Rules of Replacement

12 October 2020
Rules of Replacement

Keeping your equipment in good shape is imperative to staying profitable. In addition to extending the runtime of your equipment, it will also help maintain the value of the machine over time. While it may be tempting to wait until the last minute to replace things and eke out just a little more time in order to save money in the short-term, the reality is that this can actually end up costing you more in the long-term. Not only will replacing parts before they go bad keep your machine in optimal condition, but pairing new parts and components with old, worn-out ones can actually damage the new parts. This will end up costing you more money in the long-term as your new parts will wear out quicker than intended.

Tracks and Undercarriage

Because your undercarriage can account for up to 50% of you maintenance costs, it can be tempting to only change out your tracks or undercarriage parts when it’s absolutely necessary, but this will actually cost you more in the long-run. Over time, your sprockets, idlers, rollers, link assemblies, bushings and more will wear down, meaning that they won’t interlock with the tracks as snugly as intended. Failing to replace these parts when you replace the tracks will result in damage to the tracks and speed up the wear on other areas of your equipment. A worn out sprocket can tear the drive links out of your new track. You should also makes sure to replace your seals and bearings on your final drive when you have work done to it. Other areas to inspect and replace when they look damaged include the rock guards, track shoes and chains, and the bolts.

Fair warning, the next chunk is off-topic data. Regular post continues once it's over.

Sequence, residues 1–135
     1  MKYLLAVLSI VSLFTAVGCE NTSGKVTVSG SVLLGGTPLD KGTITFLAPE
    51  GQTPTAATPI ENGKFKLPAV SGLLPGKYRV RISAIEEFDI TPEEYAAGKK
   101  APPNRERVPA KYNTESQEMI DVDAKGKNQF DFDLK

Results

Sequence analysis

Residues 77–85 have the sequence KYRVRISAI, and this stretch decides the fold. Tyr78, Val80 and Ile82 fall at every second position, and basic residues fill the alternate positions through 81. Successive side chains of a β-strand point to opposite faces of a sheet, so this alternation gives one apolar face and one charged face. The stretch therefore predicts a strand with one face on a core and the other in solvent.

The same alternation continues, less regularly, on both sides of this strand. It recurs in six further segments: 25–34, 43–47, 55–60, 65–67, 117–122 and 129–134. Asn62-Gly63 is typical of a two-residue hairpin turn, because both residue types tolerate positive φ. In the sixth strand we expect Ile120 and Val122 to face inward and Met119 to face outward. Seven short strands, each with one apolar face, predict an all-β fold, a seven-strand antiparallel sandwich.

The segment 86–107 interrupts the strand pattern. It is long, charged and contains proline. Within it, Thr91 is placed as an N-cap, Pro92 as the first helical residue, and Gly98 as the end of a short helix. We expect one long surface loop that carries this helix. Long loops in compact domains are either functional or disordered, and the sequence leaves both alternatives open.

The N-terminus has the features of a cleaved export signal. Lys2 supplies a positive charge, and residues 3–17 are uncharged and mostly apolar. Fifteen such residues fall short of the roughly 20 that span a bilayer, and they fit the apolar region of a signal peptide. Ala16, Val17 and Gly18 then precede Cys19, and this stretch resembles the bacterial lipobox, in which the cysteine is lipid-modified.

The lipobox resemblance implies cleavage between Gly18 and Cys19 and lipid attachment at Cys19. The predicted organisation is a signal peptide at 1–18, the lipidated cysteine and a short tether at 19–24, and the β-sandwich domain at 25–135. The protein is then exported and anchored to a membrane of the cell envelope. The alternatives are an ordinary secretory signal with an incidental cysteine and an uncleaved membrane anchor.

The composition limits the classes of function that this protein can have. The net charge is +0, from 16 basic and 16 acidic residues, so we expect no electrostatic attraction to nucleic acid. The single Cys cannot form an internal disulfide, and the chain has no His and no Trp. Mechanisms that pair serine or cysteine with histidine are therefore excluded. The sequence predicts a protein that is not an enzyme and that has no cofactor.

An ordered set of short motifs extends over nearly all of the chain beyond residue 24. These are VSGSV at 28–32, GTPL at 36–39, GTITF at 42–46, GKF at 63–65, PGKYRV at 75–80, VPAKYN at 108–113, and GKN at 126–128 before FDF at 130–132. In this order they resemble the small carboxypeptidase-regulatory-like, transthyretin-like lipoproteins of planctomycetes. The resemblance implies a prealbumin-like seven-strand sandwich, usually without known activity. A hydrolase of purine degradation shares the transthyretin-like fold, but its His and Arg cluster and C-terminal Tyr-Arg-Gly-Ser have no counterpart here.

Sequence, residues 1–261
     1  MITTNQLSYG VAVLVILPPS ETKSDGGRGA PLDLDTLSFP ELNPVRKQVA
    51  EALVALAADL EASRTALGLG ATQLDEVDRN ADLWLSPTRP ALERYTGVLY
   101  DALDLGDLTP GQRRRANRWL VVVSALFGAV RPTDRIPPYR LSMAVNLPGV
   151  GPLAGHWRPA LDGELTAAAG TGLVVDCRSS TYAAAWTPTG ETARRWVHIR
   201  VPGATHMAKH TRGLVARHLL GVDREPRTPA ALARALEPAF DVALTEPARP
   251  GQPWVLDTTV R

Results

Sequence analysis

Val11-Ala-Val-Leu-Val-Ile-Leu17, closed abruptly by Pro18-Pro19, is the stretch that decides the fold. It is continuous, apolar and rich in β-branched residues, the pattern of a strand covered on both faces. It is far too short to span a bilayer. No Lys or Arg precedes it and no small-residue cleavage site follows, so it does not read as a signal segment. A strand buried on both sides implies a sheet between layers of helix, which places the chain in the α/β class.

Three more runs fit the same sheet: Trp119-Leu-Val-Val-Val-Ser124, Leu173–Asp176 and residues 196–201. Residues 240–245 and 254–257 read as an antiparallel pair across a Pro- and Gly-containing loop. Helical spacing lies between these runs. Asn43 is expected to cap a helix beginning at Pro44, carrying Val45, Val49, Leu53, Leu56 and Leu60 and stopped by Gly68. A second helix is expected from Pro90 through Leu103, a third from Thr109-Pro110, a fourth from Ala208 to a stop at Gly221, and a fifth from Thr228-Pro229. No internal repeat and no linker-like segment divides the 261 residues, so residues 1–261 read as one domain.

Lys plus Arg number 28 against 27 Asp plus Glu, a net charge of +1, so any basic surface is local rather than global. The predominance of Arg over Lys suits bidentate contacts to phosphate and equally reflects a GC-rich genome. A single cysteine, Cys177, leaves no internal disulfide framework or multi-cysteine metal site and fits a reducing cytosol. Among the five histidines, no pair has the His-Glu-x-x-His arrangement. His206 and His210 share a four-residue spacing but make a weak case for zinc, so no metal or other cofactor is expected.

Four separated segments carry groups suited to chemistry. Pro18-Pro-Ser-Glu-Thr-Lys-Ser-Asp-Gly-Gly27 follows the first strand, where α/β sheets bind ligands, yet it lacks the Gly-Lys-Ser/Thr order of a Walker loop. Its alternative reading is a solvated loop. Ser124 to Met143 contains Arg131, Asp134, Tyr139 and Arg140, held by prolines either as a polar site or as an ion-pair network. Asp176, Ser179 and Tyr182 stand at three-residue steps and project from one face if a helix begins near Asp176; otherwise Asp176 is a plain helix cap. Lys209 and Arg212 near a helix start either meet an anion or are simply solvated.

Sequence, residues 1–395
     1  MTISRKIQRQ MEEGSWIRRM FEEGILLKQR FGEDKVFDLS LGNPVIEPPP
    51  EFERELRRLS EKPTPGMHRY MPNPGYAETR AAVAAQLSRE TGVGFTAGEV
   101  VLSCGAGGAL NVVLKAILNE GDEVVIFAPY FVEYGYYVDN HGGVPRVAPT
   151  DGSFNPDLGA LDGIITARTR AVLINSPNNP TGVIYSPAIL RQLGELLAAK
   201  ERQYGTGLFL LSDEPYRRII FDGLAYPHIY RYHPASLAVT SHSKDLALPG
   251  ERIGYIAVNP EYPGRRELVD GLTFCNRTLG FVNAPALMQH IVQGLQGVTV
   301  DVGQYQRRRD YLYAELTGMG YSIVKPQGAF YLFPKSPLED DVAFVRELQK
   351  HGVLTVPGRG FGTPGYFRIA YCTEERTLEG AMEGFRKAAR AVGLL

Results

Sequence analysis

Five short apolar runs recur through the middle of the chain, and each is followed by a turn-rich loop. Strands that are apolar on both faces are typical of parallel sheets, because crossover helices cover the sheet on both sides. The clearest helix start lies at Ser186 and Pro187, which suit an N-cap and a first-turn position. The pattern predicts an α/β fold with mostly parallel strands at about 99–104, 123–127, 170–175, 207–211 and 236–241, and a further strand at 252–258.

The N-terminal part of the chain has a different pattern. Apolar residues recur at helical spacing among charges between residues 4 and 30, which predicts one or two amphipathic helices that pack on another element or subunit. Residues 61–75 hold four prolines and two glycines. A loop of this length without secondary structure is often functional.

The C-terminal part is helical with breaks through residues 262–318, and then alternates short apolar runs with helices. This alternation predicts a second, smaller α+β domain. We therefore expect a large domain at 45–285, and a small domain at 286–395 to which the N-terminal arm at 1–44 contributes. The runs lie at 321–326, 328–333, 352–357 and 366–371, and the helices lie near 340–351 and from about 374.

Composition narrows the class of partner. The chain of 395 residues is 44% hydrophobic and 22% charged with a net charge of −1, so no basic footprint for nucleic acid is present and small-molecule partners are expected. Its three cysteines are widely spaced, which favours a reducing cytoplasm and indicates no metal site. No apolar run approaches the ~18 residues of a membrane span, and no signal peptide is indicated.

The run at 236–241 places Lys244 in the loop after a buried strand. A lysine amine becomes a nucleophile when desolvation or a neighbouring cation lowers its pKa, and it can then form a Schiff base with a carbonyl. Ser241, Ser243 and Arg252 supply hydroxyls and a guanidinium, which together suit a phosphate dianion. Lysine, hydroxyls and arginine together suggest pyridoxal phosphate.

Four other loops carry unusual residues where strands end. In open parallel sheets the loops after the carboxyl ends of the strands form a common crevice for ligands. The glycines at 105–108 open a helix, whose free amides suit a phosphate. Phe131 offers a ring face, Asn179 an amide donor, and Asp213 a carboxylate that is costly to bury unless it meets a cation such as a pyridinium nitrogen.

Fluids and Filters

Failing to replace your filters (air, fuel, hydraulic) and fluids (hydraulic, engine oil, transmission fluid) can quickly cause damage to your machine. Dirty filters can fail, allowing contamination to enter the system and damage the more costly components in it, while dirty fluids are less effective at lubrication and heat transfer. A clean air filter can prolong the engine’s life, reduce emissions and increase fuel efficiently. It should be replaced as soon as it looks dirty, not according to a set schedule. If you’re working in an extremely dirty environment, your filter will probably need to be replaced sooner than the manufacturer’s recommendation. Replacing your hydraulic fluid regularly is also important; heat, water and contamination are three key factors affecting the life of your fluid. The best way to know if it’s time to change it is to have it tested. While it may appear clear, that doesn’t mean that it hasn’t begun breaking down. Degraded hydraulic fluid will lose its viscosity, meaning it no longer protects your machine from contamination and rust build up.

Belts and Hoses

The air conditioning, power steer pump, compressor, air injection pump and cooling fan on your equipment are all powered by the serpentine belt. Allowing it to wear to the point of breakage can bring operations to a quick halt; and an overheated engine can result in unexpected major repair costs. Regularly check your belts for cracks, wearing, stripping and dry rot. If you notice any of these, immediately replace your belt. Typically, hoses should be replaced about every four years; but this can vary based on how rigorously you use your equipment. Like your belts, check your hoses regularly for cracks, bubbles, stiff texture and dry rot and replace them immediately if you see any of these.

If it’s time to replace these or many of the others parts on your light construction equipment, turn to a company you can trust. With more than 600,000 light construction part numbers and more arriving every day, TVH has the part you need at a price you’ll love. And with same-day shipping on many of them, you’ll be back in business in no time.

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